Tuesday, September 28th, 2021

P Shopper Columns



TEACHER'S PET




Working as a veterinary receptionist, my mom often sees dogs who are apprehensive during their routine weight check. When owners pick up their pets to place them on the scale, she encourages them to use the moment as a training opportunity - and the rest of the visit, too! Sometimes, it makes more sense for us to carry our pets through situations they're not used to or avoid those situations altogether. But when it comes to something our pets may experience regularly - like stepping onto the scale for a vet visit - it is beneficial in the long run if we help them overcome new obstacles. A cute ten-pound puppy is going to be a lot harder to pick up when it becomes a sixty-pound adult!



It might feel embarrassing to draw attention to yourself by training a pet in public or to have imperfect results, but fellow dog lovers will understand how important your training is! Dogs won't know how to act in new situations unless we slow down and teach them how. Patience and positive reinforcement are key to teaching your dog to associate new situations with something positive, like praise and treats. A dog who is scared to step on the metal scale, for example, can be lured to the scale and rewarded each time they step near or onto it. This teaches the dog that being around the scale means they get lots of yummy food. Dogs won't always learn new skills all at once, and that's okay - training is a process. Remember to train with short sessions and to end each experience on a good note.

Patience and positive reinforcement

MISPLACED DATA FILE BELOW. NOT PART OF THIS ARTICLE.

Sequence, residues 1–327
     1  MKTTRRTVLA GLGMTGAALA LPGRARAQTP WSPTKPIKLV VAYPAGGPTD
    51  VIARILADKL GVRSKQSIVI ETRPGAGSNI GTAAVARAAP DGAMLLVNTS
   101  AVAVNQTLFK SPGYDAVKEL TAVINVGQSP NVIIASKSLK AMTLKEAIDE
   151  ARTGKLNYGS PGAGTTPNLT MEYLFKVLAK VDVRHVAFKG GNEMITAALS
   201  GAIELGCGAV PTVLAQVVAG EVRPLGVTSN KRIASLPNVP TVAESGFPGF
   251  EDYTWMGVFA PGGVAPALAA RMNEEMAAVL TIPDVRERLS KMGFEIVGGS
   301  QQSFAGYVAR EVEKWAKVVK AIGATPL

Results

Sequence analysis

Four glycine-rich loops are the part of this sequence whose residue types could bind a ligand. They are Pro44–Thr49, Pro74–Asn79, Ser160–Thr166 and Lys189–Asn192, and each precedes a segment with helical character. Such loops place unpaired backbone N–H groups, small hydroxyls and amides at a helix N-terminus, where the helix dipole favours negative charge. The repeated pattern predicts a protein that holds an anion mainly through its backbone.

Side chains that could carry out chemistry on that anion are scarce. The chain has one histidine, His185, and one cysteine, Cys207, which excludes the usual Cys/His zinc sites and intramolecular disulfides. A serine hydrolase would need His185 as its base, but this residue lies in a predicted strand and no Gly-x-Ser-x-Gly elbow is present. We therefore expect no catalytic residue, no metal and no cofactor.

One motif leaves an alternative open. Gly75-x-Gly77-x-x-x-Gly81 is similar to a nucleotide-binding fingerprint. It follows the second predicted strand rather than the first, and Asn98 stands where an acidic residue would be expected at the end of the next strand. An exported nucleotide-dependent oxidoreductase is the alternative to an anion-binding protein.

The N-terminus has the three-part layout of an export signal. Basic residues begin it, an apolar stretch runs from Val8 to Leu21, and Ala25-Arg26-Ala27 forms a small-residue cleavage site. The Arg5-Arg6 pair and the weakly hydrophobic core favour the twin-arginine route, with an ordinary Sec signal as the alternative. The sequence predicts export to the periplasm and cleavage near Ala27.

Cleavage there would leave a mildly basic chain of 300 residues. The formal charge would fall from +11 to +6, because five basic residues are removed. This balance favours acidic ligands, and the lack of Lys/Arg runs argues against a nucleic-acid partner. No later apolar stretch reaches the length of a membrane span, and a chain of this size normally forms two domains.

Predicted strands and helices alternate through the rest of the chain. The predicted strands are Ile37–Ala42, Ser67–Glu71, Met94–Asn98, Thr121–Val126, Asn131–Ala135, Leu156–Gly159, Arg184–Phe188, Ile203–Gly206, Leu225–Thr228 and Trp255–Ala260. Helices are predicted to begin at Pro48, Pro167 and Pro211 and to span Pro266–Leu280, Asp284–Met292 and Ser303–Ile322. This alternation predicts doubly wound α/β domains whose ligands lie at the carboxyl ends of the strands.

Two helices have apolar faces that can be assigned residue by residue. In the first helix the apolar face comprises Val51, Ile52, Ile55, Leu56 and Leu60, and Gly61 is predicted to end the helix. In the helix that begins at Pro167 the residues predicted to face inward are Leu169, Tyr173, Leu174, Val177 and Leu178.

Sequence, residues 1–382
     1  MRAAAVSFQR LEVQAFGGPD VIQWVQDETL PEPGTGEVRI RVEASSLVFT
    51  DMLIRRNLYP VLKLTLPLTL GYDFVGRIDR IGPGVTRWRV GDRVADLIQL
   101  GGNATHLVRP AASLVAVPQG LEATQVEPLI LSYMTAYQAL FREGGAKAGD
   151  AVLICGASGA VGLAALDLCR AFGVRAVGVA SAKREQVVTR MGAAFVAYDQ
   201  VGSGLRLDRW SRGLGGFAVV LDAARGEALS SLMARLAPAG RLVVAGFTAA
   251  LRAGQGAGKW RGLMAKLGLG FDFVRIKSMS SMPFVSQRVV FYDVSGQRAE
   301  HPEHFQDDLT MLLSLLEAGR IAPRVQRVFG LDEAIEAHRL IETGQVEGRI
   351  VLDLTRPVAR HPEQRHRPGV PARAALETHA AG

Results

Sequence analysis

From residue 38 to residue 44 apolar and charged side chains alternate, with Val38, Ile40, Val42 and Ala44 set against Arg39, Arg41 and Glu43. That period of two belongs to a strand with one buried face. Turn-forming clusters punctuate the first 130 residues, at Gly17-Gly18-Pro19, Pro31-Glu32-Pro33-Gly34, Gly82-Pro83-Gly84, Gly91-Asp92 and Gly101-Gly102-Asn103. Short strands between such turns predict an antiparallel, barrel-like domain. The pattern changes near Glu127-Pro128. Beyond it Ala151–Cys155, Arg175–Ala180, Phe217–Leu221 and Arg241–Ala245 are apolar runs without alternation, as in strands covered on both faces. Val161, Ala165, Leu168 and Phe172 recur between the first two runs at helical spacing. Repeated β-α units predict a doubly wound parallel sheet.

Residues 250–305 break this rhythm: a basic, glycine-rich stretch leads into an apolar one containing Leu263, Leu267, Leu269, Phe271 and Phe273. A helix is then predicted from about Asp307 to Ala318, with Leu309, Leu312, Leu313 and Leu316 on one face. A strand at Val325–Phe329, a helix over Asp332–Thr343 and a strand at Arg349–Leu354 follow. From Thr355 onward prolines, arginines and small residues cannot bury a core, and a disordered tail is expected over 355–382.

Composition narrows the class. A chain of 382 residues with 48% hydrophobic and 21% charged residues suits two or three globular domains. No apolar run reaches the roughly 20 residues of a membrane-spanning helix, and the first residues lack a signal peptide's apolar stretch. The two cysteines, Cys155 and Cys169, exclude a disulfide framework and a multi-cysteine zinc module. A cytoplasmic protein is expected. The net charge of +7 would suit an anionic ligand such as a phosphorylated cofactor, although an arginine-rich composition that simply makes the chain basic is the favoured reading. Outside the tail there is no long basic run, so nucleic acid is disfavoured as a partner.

are key to teaching your dog 
to associate new situations 
with something positive, 
like praise and treats.

When people adopt dogs from the shelter where I work, I urge them to keep their pockets full of treats. Everything is a training opportunity, especially when raising a puppy or introducing a new dog into a home. Repetition is key when it comes to training. It can be so easy to fall into the habit of telling our dogs "No" when they do something undesirable but never telling them "Yes" when they make good decisions. The more we reinforce those good decisions, the more likely our pets are to keep making them. It also helps to offer the dog an alternative behavior - rather than saying "no" when a dog jumps up to greet you, ask them for a "sit" instead. Dogs have an incredible capacity to learn. It can be especially frustrating when we know how intelligent our pets are, and they just won't do what we expect. When I experience a moment like this with my dog, I often realize that I'm the one who needs to step back and reassess what I'm doing as a teacher. The more effort we put into training, the better our communication and bond will be with our beloved companions.




Breonna Loxley is an animal care technician at an animal shelter. She is an avid artist, writer, and animal-lover. She lives with her parents, a younger brother, two cats, and one dog.